Illuminating History’s Shadows Through Fiction
Illuminating History’s Shadows Through Fiction

I see dead people . . .

April 14, 2024

For me, this iconic phrase from the movie The Sixth Sense pretty much sums up what it’s like writing Biographical Historical Fiction. You spend your days (and many nights) seeing dead people – in brief, animated imaginings, based on what was unearthed and the story you are stitching together.

If the people that populate your book were once living beings, participating in historical events, their ghosts have already left something behind in what is left of the historical records. Although the onus to pay proper fealty to true events is heavy for the author, once the research is acquired, assembling the parts imbues a breath of life into each character, each event, as well as into scenes in the story.

Words have often resurrected the long dead for me. My ‘character’ visitations come in reels and clips, rising up from the stew of my research, my story roadmap, and the million pieces of the jigsaw puzzle of the ‘who, what, when, where’ woven into a structure. Little movies appear in my mind’s eye – about the times the people lived in, how they lived, what they read, ate, wore. What their influences were, their likes, dislikes, their human and often super-human struggles, played out in enough detail so that words they left behind can be put into the actions on the page. At least that’s how it works for me.

I often hear other writers talk about voices talking to them, or their characters ‘taking over’ when the author intended to write something else, but that has never happened to me either. Maybe that’s because in writing Red Clay, Running Waters, I was blessed with a wealth of original material, the challenging Antebellum vocabulary (so rich in nuance), from the time the events occurred; I was gifted with the voices of the people I was writing about.  Lucky Me!

With such bounty from the records, (accompanied by so much eloquence, and often verbosity – especially from the politicians), my inspiration often came from what was really said or done, buried in the tantalizing tiny print of 1800s newspapers, or miraculously delivered by ‘some research searching for me’, as Tommy Orange said recently.

I guess you could call that cheating in a way. Not ‘making things up’ as many writers do, perhaps not really ‘Fiction’ as many know it, so much as connecting the historical dots. But from the start of RCRW, reading words spoken by John Ridge, Elias Boudinot, Major Ridge, and many famous others, moved me, inspired me, intrigued, and perplexed me, rousing my curiosity, empathy, and certainly sympathies.

Calling across two-hundred years of American History for resurrection from newspapers, journals and speeches – from traces and encounters of all kinds – a body formed, in the shape of a tale of personal triumphs and tragedy, in a time of national rebirth in the grip of divisions leading to a fracture, of promises made and broken, of a tyranny that ultimately created the Cherokee Trail of Tears. When those elements became ‘personal’ to me, I knew there was a story that hadn’t been told, and I wanted to write it.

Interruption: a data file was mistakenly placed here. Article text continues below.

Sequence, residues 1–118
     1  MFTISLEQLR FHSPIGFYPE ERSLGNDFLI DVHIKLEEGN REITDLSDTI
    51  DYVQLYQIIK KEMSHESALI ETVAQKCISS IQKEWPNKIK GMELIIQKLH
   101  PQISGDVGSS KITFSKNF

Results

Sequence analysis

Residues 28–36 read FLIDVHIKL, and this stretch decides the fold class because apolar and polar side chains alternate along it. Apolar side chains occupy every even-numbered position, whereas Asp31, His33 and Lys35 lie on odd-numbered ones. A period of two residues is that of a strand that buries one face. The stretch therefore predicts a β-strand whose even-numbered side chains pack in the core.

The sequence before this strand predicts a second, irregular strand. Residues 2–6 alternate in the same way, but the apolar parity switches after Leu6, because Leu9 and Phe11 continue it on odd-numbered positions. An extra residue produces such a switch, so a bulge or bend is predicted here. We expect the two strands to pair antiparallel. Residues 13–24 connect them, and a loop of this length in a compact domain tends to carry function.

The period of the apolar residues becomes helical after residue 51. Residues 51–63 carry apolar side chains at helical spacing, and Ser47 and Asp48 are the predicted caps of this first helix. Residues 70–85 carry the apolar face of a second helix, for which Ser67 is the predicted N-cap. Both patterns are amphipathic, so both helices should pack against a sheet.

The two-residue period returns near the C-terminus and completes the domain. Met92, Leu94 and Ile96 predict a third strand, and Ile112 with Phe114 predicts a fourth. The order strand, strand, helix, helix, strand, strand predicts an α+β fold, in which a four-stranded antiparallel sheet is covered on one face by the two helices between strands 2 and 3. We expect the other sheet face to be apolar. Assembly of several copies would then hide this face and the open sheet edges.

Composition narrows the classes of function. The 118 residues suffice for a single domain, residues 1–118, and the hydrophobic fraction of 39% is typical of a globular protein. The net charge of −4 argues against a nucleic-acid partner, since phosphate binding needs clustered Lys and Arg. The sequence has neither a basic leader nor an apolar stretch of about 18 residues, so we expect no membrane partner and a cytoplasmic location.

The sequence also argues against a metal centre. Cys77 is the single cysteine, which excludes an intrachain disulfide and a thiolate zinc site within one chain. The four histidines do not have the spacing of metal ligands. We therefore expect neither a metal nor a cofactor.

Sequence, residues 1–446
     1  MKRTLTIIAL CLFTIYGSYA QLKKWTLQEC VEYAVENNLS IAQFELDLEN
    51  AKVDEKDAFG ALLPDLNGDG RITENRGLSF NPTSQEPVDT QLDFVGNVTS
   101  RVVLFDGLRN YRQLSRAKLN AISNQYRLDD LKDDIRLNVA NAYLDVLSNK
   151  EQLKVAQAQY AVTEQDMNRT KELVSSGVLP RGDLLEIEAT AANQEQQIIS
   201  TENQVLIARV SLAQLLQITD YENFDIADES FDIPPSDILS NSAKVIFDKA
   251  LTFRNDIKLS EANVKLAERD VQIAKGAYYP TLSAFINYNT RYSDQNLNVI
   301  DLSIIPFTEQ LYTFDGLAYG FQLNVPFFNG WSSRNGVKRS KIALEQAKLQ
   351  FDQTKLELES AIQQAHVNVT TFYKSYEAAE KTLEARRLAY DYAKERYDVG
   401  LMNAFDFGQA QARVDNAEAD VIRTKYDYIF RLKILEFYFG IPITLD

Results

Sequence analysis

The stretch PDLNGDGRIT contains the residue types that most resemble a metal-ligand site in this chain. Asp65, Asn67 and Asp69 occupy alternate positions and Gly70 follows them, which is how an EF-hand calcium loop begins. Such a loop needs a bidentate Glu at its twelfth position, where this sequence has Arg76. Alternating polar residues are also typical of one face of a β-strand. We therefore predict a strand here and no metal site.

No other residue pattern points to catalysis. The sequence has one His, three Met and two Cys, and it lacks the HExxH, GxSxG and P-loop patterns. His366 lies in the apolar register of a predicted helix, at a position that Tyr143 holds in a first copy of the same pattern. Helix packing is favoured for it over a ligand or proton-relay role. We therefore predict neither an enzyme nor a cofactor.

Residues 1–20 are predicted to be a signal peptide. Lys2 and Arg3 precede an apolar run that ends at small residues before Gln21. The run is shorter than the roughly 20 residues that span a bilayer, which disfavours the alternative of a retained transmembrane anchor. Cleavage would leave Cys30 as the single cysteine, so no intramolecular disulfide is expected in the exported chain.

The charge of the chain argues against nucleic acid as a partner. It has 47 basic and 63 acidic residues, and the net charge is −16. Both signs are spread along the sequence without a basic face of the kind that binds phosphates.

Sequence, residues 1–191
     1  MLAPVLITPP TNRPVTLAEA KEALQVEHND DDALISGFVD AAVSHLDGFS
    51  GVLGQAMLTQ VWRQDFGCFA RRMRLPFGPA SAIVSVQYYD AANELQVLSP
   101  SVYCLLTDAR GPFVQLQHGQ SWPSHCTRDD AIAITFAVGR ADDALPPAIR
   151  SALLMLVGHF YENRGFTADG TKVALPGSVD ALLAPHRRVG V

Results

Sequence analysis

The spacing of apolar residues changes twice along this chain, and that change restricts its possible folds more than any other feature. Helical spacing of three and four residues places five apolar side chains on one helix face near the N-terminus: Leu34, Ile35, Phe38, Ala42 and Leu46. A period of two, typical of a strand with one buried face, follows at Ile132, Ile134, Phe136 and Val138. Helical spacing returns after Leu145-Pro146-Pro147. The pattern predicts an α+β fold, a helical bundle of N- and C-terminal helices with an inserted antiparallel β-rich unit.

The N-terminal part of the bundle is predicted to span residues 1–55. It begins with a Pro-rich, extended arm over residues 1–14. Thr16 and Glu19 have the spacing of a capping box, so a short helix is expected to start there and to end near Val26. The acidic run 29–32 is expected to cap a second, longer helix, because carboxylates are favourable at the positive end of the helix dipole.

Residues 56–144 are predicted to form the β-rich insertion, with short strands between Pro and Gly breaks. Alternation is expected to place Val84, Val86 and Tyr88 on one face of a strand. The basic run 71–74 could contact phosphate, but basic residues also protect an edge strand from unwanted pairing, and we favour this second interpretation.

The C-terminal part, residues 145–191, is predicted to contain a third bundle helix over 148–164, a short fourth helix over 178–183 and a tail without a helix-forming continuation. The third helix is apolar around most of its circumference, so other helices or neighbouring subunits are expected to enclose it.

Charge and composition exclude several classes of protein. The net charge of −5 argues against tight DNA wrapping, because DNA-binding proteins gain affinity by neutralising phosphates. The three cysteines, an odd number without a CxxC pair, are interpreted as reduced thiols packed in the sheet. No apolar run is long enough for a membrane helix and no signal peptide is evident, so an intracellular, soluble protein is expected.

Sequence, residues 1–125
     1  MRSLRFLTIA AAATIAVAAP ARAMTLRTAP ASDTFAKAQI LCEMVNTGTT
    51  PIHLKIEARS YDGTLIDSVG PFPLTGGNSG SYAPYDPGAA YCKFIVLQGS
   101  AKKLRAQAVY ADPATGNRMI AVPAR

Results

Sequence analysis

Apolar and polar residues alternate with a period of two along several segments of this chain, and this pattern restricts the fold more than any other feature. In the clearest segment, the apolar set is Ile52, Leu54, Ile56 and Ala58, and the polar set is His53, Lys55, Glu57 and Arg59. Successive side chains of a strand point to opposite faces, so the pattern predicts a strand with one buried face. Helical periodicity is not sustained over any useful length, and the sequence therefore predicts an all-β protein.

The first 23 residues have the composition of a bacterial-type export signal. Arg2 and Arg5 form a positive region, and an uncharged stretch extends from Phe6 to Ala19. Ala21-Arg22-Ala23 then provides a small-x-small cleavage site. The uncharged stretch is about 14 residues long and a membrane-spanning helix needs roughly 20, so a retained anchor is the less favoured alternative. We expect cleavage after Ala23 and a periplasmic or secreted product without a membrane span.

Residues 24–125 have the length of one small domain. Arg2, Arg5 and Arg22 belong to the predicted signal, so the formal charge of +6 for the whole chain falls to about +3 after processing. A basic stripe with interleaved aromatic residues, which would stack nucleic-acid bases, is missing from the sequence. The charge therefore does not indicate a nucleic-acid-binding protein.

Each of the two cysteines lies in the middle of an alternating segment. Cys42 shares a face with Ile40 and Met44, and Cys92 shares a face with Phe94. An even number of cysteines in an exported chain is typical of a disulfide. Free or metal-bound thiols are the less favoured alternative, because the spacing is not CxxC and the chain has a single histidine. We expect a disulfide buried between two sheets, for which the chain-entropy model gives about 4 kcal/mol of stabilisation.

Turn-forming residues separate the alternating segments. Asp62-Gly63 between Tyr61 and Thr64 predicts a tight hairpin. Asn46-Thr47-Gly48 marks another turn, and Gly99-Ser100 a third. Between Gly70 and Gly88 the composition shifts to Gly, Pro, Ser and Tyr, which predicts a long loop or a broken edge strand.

Now this all may sound like a bit like a nod to Frankenstein, and you would be right. Frankenstein and Mary Shelly play their part in the Ridge’s story, another artifact of the Antebellum influences in the cultural air when John and Sarah lived. The whole is indeed greater than the sum of its parts. Letting them ‘speak’ for themselves revealed personality, letting me ‘see’ (she whispers breathlessly. . . it’s alive!).  Luck allowed me to know some people’s features, from paintings (nod to Thomas McKenney) and the development of photography. *

As Dr. Frankenstein probably could have identified which parts came from where (or what), I know real quotes from my own fabrications in RCRW. As with any creation, the artist’s hopes may be ambivalent…does the reader know which is which? Splicing and weaving recorded history beside imagined ones became its own Fiction, filling in the connections where history has left only parts of what was once there.

Breathing life into Red Clay, Running Waters had me spending lots of time in the company of dead people, assembling the fragments they left behind – people like the Ridges, to whom history has not been kind, whose footprints I saw, and who gave me ‘the visions’ to reanimate their story in my mind’s-eye – the story of the Trail of Tears, from a different side.

The people you come to know in Red Clay, Running Waters possessed the power to make their words resonate with timely, universal truths. I thank them all for leaving something tangible behind. It’s because of them, I admit, like the boy in the film — ‘I see dead people’, and gladly have mingled my life with theirs.


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